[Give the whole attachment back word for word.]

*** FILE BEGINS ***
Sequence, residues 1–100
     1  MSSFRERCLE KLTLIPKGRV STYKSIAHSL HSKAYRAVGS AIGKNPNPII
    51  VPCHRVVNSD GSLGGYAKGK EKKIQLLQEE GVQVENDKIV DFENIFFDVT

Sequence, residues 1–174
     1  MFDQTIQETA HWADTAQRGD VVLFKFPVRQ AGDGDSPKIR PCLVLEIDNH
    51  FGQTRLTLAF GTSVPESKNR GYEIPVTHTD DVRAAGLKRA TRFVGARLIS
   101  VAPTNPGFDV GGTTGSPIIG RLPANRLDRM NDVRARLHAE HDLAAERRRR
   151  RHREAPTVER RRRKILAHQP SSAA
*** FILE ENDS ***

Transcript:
Sequence, residues 1–100
     1  MSSFRERCLE KLTLIPKGRV STYKSIAHSL HSKAYRAVGS AIGKNPNPII
    51  VPCHRVVNSD GSLGGYAKGK EKKIQLLQEE GVQVENDKIV DFENIFFDVT

Sequence, residues 1–174
     1  MFDQTIQETA HWADTAQRGD VVLFKFPVRQ AGDGDSPKIR PCLVLEIDNH
    51  FGQTRLTLAF GTSVPESKNR GYEIPVTHTD DVRAAGLKRA TRFVGARLIS
   101  VAPTNPGFDV GGTTGSPIIG RLPANRLDRM NDVRARLHAE HDLAAERRRR
   151  RHREAPTVER RRRKILAHQP SSAA